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I prepped my Blackbird's fins with 4 coats of sanding sealer then used gray primer. I finished the rocket with 3 lightly dusted coats of Gloss Black enamel paint, wetsanding between coats.If you need more info or a better writeup please let me know. The decals were water slide and I checked with many pics of real SR-71s for proper placement. (There's not too many on the real bird!)

All the babying paid off as I ended up with a really nice finish and a great flying rocket.

Entry #14: Mitch Marchi II 19 points
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My entry for the unique finish contest is a LOC/Precision ONYX (PK-12.) It is a 3" body tube and stands 25 inches tall. Short, squat, and all business!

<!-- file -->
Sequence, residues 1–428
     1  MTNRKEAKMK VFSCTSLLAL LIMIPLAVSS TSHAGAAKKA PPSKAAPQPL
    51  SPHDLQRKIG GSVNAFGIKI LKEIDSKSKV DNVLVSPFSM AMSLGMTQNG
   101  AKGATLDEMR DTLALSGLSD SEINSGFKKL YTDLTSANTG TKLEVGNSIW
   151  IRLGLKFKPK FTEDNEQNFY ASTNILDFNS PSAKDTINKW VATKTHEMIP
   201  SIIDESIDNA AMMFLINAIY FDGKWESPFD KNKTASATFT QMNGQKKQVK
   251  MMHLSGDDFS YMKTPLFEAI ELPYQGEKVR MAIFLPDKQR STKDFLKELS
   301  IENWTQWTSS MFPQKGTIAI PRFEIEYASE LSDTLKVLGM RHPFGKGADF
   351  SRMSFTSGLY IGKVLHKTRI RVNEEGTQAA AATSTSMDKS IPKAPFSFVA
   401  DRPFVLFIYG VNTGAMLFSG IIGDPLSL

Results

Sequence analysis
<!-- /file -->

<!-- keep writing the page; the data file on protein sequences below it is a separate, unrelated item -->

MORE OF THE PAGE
I derived my unique finish directly from the name Onyx. An Onyx stone is a black and white banded variety of quartz. The bands run parallel, and the stone's nickname is "Zebra Agate."

I first laid down a base coat of Silver pearl. After this I applied a stencil of the Onyx logo and the tape stripes. I then put on 3 coats of Black pearl. After I removed the tape and stencil, I clear coated the entire rocket. Using all automotive enamels, the rocket has a depth to the stripes and paint that can't be seen in photos.

Entry #16: Matthew Gillard 19 points
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Nighty Night Bertha